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Home | News | Article by fellow Jan Engelmann published in Science Advances
News | March 15, 2019 |

Article by fellow Jan Engelmann published in Science Advances

The research article ‘The Neural Circuitry of Affect-Induced Distortions of Trust' by research fellow Jan Engelmann (University of Amsterdam) and co-authors Friederike Meyer, Christian C. Ruff, and Ernst Fehr (all University of Zurich, Switzerland) has been published in Science Advances. Read full article here.

Article by fellow Jan Engelmann published in Science Advances

Aversive affect is likely a key source of irrational human decision-making, but still, little is known about the neural circuitry underlying emotion-cognition interactions during social behavior. We induced incidental aversive affect via prolonged periods of threat of shock, while 41 healthy participants made investment decisions concerning another person or a lottery. Negative affect reduced trust, suppressed trust-specific activity in the left temporoparietal junction (TPJ), and reduced functional connectivity between the TPJ and emotion-related regions such as the amygdala. The posterior superior temporal sulcus (pSTS) seems to play a key role in mediating the impact of affect on behavior: Functional connectivity of this brain area with left TPJ was associated with trust in the absence of negative affect, but aversive affect disrupted this association between TPJ-pSTS connectivity and behavioral trust. Our findings may be useful for a better understanding of the neural circuitry of affective distortions in healthy and pathological populations.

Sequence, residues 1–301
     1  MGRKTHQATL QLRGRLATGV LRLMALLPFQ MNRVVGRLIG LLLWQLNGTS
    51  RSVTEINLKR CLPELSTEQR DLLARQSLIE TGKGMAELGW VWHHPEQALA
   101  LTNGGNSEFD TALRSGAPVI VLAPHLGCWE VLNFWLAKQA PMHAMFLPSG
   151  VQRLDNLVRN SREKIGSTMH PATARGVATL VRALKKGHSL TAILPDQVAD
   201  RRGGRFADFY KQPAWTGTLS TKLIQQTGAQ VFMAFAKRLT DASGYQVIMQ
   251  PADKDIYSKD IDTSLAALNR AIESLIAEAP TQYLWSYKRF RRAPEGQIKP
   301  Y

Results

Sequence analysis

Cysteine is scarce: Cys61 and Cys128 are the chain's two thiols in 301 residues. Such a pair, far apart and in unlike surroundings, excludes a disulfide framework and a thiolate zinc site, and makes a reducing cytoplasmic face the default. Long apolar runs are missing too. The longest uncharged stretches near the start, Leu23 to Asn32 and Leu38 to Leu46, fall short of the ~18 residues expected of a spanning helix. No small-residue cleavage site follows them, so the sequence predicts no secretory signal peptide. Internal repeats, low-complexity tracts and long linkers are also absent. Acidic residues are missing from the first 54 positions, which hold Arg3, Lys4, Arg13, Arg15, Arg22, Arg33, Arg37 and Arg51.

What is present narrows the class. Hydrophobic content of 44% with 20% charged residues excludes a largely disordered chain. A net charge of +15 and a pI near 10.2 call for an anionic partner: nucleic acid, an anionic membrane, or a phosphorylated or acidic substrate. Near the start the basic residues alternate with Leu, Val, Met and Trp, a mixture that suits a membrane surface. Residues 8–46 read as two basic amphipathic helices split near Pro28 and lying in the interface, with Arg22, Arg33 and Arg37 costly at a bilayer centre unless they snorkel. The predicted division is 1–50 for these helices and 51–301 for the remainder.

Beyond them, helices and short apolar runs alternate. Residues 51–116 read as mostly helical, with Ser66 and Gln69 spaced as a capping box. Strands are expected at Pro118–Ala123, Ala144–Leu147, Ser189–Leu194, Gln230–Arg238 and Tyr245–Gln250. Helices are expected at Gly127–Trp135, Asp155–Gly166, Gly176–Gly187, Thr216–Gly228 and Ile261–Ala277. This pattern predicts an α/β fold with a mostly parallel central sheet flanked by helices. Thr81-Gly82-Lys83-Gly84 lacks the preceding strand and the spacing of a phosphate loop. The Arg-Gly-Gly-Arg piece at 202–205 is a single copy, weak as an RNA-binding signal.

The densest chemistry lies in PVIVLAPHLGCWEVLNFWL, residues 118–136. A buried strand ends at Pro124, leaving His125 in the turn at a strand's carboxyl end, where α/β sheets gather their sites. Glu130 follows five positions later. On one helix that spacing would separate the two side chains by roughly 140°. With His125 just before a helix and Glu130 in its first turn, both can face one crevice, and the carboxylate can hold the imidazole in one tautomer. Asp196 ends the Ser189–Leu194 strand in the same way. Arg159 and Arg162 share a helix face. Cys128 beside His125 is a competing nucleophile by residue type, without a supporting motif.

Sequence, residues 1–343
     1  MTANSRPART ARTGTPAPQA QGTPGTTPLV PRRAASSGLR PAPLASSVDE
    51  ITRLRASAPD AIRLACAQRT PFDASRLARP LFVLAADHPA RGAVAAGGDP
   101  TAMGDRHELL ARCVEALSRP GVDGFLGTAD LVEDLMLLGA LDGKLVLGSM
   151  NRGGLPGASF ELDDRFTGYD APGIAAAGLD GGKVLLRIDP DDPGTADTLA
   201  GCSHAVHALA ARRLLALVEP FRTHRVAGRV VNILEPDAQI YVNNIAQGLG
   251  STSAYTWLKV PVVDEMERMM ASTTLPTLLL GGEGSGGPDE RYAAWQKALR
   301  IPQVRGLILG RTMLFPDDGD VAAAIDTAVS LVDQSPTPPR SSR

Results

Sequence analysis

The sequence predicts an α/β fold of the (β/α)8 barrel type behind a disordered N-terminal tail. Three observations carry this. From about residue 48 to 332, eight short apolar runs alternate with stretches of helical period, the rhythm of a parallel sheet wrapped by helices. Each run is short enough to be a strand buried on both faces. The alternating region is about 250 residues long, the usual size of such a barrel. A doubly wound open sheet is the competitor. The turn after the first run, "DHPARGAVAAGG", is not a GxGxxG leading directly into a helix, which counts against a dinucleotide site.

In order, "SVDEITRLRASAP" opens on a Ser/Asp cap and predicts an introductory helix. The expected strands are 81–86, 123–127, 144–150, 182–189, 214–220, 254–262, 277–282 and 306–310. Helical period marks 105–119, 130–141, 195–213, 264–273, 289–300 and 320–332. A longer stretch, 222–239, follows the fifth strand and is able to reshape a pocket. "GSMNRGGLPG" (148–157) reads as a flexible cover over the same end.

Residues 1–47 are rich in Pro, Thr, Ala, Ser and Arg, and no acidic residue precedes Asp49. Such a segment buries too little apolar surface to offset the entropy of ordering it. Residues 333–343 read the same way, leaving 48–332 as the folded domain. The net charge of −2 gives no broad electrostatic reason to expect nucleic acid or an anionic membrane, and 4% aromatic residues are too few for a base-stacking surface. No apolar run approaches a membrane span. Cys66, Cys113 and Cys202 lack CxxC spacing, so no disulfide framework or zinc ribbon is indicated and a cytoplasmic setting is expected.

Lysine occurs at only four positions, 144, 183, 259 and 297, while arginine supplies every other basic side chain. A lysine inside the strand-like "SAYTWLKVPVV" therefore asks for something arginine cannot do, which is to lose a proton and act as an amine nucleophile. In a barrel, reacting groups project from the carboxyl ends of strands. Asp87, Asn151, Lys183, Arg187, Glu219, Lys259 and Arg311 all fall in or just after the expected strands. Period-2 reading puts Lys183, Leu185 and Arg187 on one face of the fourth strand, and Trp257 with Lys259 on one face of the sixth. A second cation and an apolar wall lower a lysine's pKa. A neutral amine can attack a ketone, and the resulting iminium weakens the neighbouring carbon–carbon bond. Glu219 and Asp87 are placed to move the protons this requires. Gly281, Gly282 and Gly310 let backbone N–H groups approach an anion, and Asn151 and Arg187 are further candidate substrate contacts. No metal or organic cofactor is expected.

Article Citation:
Jan B. Engelmann, Friederike Meyer, Christian C. Ruff, and Ernst Fehr, ‘The neural circuitry of affect-induced distortions of trust.’ Science Advances 13 Mar 2019: Vol. 5 (3). DOI: 10.1126/sciadv.aau3413

A reprint of the paper can be found here.